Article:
Instead of the mystery of radar, the EyeSight system's cameras mimic what we humans have relied on throughout history to successfully run through forests, shoot an arrow into a target, or catch a baseball. A processor continually compares the images from each camera, using the known distance between the cameras to calculate the distance of any object in front of the car. Our brains do something similar all the time.
Setting the cruise control in the Forester, I was prepared for this new type of system to behave badly. Instead, it easily tracked each car or motorcycle in the lane ahead, quickly registering vehicles that changed lanes abruptly. It told the Forester when to slow down and when it could speed up. After half an hour of use, it built up my trust.
Subaru helped me appreciate the system with a graphical image in the Forester's upper LCD, showing when it had another vehicle in its sights.
When traffic ahead stopped abruptly, I let EyeSight handle the braking (although my right foot hovered over the brake pedal). The system proved very capable in handling every situation I threw at it. However, it is a visual system, so don't expect it to see when you can't, such as in a dust storm or heavy fog.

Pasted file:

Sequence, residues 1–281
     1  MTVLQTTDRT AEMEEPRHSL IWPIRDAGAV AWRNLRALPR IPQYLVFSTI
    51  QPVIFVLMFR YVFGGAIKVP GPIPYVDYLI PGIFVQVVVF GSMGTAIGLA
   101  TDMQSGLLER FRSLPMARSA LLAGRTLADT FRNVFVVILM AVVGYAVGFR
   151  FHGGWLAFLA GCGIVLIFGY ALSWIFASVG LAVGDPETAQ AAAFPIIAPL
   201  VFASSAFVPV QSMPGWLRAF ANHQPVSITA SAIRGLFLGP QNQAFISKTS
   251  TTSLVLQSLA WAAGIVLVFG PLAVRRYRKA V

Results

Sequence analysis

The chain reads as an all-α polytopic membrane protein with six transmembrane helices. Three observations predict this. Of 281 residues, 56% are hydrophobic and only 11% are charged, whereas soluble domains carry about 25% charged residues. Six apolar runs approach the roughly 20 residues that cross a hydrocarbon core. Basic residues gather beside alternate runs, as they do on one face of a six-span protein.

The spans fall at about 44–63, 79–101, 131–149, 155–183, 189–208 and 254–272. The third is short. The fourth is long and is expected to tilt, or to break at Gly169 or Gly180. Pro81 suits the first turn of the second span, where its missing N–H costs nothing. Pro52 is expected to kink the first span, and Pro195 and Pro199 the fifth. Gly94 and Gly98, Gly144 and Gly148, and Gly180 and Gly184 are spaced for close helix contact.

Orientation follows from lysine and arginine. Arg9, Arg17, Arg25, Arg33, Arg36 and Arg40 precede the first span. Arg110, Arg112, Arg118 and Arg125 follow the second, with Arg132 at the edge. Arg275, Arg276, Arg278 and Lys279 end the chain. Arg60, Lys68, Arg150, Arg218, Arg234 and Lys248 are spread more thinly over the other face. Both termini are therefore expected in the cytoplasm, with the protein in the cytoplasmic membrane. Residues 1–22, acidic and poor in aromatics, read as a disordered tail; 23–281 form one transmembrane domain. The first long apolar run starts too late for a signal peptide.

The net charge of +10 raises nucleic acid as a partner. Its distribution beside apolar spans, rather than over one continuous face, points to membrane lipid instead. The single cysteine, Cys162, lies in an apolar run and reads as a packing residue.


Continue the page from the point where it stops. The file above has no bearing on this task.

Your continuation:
If EyeSight deems a collision is imminent, it first gives the driver a warning, then hits the brakes if the driver doesn't react. Subaru says it will brake hard enough to prevent collisions below 19 mph, and can mitigate damage at higher speeds. I was not brave enough to test the precollision braking, but did see the collision warning pop up a few times when I got too close to other cars.
It gave me a couple of false alerts, such as on a fast approach to a hill, but not so frequently that I wanted to turn the system off.
EyeSight is acute enough to see lane lines, so it flashed me a warning whenever I drifted over. The alert tone is not particularly loud, so it wasn't a bother when it sounded off on a winding road, but it also might not be loud enough to wake a dozing driver. That part of the system also depends on the local road authorities having kept the lane lines painted.
The Forester's other new feature, Starlink, integrates the Aha Internet radio app with the Forester's cabin tech interface, seamlessly slotting it in as one of the audio sources. To use it, I had to have the app running on a smartphone paired with the car, in the case of Android, or connected by cable if an iOS device.